Miocic is younger and would seem to have all the relevant physical advantages in the fight. On top of that, the 37-year-old champion still carries hope that more superfights are on the way, while the 41-year-old Cormier has already started to think about his life outside the Octagon.
Another great fight ensues in the third battle, but Miocic retains his heavyweight crown via late stoppage.
Miocic, TKO, Rd. 5.
Plenty of people are pushing the GOAT angle here. These are two great champions and fighters, but to hang that lofty label on this fight's outcome feels like a bit of a reach.
That said, I think Cormier wins this. He's come up short in big spots before against Miocic and others, but it felt like more a function of the fates at work than any actual shortcoming on Cormier's part. In other words, he's due. What better place to cash it in than in his (purported) final bout before retirement?
Cormier will play it safe to get the belt. Look for methodical work from DC in the clinch and a strategy to stay clear of extended exchanges on the feet. In particular, he'll need to watch out for the body shots that helped seal his fate in the second bout with Miocic. Dull but effective, in other words, and perhaps a little anticlimactic given that he'll essentially hand back the belt after winning it, if his plan to retire holds.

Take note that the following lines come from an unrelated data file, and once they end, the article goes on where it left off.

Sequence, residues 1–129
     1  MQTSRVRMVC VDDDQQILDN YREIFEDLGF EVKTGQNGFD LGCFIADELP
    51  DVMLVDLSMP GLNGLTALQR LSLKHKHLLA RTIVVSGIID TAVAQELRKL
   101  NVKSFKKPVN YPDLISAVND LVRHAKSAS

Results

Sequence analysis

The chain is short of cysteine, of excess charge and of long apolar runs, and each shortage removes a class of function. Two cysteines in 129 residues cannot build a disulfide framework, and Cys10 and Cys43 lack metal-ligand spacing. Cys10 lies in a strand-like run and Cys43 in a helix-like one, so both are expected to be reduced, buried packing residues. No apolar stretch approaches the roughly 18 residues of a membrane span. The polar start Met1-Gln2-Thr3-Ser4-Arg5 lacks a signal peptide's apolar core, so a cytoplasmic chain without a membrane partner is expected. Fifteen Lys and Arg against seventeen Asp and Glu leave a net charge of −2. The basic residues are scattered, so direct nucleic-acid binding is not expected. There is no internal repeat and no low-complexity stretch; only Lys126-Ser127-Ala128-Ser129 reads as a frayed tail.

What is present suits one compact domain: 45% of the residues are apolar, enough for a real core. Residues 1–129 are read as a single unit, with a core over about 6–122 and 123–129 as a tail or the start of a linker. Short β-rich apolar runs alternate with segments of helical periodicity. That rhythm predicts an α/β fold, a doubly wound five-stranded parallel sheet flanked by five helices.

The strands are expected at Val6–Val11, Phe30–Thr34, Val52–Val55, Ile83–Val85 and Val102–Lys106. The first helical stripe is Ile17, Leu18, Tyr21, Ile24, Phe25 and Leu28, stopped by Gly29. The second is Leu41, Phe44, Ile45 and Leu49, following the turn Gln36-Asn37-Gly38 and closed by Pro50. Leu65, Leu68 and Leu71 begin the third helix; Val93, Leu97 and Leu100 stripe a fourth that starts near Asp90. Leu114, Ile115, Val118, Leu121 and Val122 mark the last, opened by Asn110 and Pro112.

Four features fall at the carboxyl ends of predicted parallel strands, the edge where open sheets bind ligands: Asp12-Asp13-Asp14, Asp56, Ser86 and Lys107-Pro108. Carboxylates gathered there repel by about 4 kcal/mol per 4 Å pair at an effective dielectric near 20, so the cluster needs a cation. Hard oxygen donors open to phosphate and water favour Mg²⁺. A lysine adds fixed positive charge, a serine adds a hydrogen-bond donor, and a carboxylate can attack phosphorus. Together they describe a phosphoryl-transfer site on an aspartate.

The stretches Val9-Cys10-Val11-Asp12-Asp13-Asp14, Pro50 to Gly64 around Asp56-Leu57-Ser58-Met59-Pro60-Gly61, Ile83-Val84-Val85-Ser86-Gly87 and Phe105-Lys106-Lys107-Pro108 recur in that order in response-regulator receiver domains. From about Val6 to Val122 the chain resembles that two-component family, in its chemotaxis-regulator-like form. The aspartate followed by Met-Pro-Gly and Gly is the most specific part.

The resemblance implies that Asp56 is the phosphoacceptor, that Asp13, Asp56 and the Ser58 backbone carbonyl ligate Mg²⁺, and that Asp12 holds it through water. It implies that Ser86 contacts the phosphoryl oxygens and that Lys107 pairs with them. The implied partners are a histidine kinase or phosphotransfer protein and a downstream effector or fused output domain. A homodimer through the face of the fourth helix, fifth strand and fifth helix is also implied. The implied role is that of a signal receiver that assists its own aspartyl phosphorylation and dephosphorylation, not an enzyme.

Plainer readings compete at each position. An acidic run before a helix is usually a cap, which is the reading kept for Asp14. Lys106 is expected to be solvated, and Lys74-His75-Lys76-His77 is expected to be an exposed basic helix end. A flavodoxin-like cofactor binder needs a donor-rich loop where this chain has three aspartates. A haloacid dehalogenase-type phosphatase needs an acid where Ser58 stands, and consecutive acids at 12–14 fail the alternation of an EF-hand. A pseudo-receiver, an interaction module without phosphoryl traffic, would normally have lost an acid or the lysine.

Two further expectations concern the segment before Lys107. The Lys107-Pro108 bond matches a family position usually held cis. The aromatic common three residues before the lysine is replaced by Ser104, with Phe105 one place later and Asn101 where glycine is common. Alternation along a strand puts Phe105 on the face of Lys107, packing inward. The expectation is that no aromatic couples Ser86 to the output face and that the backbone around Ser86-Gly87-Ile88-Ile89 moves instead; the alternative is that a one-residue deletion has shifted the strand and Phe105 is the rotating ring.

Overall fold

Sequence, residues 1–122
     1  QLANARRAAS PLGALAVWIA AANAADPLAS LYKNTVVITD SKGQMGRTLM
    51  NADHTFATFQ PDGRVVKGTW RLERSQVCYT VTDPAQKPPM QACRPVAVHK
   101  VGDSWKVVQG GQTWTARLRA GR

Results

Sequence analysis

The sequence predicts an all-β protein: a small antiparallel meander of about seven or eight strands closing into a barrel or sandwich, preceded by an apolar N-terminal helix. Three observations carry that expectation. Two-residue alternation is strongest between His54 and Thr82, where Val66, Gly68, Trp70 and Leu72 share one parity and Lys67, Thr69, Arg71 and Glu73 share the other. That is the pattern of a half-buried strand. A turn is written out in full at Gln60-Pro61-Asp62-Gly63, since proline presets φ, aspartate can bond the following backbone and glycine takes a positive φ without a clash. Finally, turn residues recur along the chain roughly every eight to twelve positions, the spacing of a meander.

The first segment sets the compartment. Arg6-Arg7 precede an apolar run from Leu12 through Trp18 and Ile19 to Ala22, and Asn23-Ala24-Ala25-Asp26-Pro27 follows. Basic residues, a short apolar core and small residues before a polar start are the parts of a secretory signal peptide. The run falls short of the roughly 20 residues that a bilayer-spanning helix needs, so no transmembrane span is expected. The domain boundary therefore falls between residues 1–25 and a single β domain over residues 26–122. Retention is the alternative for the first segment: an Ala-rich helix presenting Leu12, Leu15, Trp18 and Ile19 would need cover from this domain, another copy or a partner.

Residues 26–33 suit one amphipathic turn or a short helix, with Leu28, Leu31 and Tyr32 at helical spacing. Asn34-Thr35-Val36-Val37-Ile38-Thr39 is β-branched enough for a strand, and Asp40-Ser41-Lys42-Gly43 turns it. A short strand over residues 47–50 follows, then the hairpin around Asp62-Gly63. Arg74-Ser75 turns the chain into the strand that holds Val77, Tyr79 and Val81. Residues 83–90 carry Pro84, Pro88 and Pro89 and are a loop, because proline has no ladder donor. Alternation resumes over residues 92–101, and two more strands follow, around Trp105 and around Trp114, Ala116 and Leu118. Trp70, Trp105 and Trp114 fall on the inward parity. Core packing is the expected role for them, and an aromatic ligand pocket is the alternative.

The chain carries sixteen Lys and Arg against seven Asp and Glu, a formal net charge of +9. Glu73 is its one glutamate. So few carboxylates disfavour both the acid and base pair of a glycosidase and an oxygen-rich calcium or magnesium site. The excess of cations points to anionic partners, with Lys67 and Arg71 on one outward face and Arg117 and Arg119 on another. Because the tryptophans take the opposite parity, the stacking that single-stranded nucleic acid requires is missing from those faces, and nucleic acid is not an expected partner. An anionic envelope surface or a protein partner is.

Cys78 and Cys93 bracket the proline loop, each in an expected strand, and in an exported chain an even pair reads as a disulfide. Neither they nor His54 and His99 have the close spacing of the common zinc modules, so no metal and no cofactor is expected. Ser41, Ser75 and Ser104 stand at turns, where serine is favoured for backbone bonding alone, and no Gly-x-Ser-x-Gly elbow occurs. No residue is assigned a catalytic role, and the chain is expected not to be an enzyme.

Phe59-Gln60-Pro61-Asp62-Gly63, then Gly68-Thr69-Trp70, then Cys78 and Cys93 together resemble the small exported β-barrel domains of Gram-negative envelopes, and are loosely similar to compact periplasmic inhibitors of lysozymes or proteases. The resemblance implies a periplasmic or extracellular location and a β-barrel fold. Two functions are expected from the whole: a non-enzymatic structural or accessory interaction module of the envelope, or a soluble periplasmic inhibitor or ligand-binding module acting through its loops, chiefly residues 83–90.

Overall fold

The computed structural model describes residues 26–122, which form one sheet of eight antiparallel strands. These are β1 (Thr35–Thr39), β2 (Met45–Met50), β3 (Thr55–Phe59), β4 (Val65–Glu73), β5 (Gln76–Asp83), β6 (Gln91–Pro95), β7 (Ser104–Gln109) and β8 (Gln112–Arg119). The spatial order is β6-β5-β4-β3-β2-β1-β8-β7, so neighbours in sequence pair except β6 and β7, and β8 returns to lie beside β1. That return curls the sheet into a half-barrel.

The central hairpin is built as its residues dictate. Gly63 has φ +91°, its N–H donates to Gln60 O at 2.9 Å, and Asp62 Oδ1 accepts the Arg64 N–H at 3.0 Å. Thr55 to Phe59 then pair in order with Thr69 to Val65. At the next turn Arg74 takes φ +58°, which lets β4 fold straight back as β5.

Still, Cormier will ride into the sunset a champion, which should be a happy ending for us all given his status as a historic great and all-around deserving dude.
Cormier via unanimous decision.
I've got Cormier in this trilogy fight, and I feel pretty good about that prediction. Allow me to explain.
In the pair's two previous fights, we've seen Cormier win by first-round knockout and Miocic rebound from a two- or three-round deficit to win the rematch by fourth-round TKO. As far as I'm concerned, that means Cormier is up at least 3-2 across the five rounds they've spent in the Octagon together. Maybe even 4-1.
This is probably a controversial opinion, but I feel he's already proved himself as the better fighter. Unless something has dramatically changed in the year since they last fought, I see Cormier reaffirming that he's a few steps ahead of his rival in the trilogy.
Cormier, TKO, Rd. 3.
Score the rounds they've fought, and Cormier is ahead. Base your pick on which man scored his stoppage first and DC wins again. But I like Miocic anyway. He was carrying the first fight before running into a decisive dirty boxing combination. Then, in the second, it was his discovery of the left to the body that fast-forwarded the champ-champ's downfall.
Says here he comes out with that in mind and begins chopping the older man down from the start and ultimately gets him around the midway point.
Miocic, KO, Rd. 3.